I have just finished reading this graphic memoir – there is something very unique to the genre, an emotional depth that exists because of the cartoon images, rather than despite them. Anyway, I’m sobbing*.
It seems from what I have found so far that literary studies have given a good amount of time and acknowledgement of the genre, that medicine is starting to acknowledge what a powerful empathic tool it can be, but the social sciences less so, though gender and feminist scholars have some work on them. Psychology even less, though I did find one health psychology article that specifically addressed the graphic memoir.
I think there is a lot to explore here. Anyway, I’m sobbing.
*I’m not much of a sobber. I mostly cry when I’m very angry, which can be most unfortunate.
Like I said, given the choice I would stick to what I’ve already started, so that’s still Plan A (or B, or C, I lose track).
But, if I do have to think about years of managing neuritis I may have found a reasonable solution that will not only allow me to finish the PhD, but give me the mental energy to carry on with some marking and tutoring, both of which are also important to me. It isn’t the solution I was going to write about yesterday (but includes a lot of the best elements), because after I wrote that post I just kept thinking – if drawing doesn’t exacerbate the pain and helps me feel mentally much better, I should really find a way to draw?
So I went searching this afternoon and found that graphic memoirs, especially illness memoirs, were a thing. Who knew? There is some research done on different aspects of these kind of narratives but (having only spent a few hours on it so far, don’t quote me) a wide open space right up through the middle of them to conduct further research. I am wondering about a combination of analysis of other’s work, and drawing a memoir of my own research (and how it came to be my research) to sit along-side that analysis. There could be a lot of different aspects to it, looking at visual storytelling as a research method, how illness is represented in these kinds of books, the point of representing illness in these kinds of books, and as a possible way to translate academic findings into something more accessible. To name a few.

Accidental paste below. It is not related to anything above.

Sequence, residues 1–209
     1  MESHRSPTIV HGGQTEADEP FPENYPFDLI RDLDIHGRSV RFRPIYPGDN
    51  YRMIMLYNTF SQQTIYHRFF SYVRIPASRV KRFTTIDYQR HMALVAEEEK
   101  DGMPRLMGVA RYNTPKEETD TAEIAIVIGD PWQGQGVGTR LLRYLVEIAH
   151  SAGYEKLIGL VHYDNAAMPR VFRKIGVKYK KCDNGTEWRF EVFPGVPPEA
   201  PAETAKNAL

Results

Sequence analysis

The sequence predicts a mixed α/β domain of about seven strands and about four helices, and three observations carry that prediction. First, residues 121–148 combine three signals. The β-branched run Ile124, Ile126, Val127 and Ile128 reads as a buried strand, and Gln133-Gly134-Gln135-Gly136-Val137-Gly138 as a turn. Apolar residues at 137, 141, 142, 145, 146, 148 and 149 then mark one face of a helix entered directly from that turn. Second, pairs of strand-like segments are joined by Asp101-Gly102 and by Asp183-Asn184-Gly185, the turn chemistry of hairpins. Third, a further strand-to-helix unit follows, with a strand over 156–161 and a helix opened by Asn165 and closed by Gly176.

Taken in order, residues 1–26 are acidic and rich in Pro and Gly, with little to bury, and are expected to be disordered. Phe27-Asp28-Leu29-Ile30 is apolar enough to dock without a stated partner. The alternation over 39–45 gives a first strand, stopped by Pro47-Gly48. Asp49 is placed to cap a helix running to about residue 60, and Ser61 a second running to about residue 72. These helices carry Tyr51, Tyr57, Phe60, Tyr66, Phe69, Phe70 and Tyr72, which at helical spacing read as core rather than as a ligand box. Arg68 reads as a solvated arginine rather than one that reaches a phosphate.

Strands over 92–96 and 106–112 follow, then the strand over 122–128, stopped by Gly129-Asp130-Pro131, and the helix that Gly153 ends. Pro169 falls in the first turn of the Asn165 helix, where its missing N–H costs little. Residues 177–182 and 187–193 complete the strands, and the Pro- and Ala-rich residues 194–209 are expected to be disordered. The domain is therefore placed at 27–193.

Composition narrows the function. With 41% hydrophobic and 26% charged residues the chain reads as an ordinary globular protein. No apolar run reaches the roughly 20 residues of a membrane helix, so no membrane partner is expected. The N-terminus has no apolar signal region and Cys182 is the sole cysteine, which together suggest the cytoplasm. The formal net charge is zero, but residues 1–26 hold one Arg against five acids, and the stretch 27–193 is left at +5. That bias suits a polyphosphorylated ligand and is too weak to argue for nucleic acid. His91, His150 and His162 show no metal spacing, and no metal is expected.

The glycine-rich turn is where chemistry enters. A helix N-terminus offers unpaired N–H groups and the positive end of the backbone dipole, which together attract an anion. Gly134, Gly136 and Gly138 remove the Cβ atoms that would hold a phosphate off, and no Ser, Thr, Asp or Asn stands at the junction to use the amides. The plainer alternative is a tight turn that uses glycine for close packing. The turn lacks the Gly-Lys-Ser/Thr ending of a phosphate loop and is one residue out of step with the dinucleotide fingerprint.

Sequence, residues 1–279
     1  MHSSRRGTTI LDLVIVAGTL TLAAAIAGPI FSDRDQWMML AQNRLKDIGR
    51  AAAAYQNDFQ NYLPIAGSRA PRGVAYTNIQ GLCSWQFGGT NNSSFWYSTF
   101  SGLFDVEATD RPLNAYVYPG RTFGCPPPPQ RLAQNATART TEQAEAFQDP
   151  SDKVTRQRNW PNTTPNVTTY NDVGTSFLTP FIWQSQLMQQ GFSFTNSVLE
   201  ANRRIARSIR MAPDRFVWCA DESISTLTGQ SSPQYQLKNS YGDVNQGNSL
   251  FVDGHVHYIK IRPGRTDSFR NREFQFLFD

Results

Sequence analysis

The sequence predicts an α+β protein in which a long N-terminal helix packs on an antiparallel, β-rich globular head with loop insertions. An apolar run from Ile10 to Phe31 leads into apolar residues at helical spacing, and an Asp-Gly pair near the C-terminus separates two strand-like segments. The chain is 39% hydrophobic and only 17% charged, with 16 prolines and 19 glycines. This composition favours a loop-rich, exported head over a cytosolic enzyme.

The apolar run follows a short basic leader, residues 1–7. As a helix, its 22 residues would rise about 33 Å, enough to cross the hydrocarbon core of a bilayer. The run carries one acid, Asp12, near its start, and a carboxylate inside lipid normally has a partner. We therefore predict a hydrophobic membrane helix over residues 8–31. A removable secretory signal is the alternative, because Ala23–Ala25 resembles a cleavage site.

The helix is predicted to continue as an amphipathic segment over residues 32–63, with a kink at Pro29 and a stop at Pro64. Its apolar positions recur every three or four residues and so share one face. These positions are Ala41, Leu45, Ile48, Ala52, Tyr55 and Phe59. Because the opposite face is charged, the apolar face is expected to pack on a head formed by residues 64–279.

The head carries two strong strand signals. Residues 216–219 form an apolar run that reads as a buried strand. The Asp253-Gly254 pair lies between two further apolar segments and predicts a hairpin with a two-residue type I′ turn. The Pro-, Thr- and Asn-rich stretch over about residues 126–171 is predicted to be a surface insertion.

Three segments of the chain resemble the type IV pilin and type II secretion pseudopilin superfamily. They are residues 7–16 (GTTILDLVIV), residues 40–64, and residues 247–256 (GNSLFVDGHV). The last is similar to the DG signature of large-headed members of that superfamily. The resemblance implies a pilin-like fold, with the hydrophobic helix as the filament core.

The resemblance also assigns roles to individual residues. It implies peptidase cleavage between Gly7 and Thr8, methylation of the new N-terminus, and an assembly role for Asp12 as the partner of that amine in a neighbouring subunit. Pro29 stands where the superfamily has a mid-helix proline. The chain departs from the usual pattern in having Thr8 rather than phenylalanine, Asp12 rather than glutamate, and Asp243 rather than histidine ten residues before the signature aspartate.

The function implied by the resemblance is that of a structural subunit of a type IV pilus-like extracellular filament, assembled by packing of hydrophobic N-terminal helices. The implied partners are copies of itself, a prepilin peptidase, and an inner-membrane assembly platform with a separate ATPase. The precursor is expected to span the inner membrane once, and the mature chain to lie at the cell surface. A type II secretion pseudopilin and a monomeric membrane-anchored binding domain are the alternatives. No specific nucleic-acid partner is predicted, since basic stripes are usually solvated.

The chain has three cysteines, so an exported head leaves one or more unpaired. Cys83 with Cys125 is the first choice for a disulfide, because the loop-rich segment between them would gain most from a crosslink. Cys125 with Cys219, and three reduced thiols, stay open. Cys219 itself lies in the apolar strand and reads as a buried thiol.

Ultimately, our sense is that graphic memoirs of disability, illness, and other types of difference share many characteristics with more traditional, exclusively textual life writing forms, though in graphic life writing the visual dynamic—involving the connections and disconnections between the verbal and visual—produces specific engagements with disjunction, complexity, and the ineffable.
I don’t know about you, but the words disjunction, complexity and the ineffable get all my artsy researchery goosebumps going. And yes, it’s kind of the Master’s thesis redux, where blogging is swapped out for graphic memoir, but that’s not necessarily a bad thing. That’s building on what I already know and making use of what I have already done.
Other Things to Like About Plan H (or D or E, F, G, I lose track):
I could further the research on the idea of small freedoms that I introduced in the Master’s thesis. I think it’s a really useful idea in all different kinds of resistance, and I didn’t get to explore or explain it in enough depth. I could look into that more here.
It allows for the possibility to include humour*. I find a difficulty with a lot of memoir, and research, and illness narratives in general is how seriously they take themselves. Life is funny, even when it’s hard, and sad. I think so. Super Adequate Woman thinks so. It would be very satisfying to bring some element of humour into my research.
It could also include ideas of the beautiful awful, the social gaze, protest art, to name a few of the previous incarnations of Ideas I Have Had. They can all be part of both researching and creating a graphic memoir. In Search of The Green Man has a nice ring to it, don’t you think?
Oh yes, and mythology! I was so keen to use mythology in the Master’s but never could quite make it work. It could work here.
As above, it very much ties in to the book that got me all excited about artifacts of loss in the first place. In the interment camps, the Japanese American’s used what was around them to create art and crafts to brighten their tiny homes, to bring some joy into their lives, to feel more human. I can see this as a way to use what I can still do (again, yes, let’s hope it’s temporary etc., and so forth) to contribute to the field of critical health psychology, and bring some joy into my life while I am doing it; a creative artifact of my own loss. Did that make sense? I will be able to explain it better when I’ve thought about it more, but I know there is a link there. Oh, probably they are both examples of small freedoms inside the generally restrictive world of habitus. All my roads seem to lead to Bourdieu.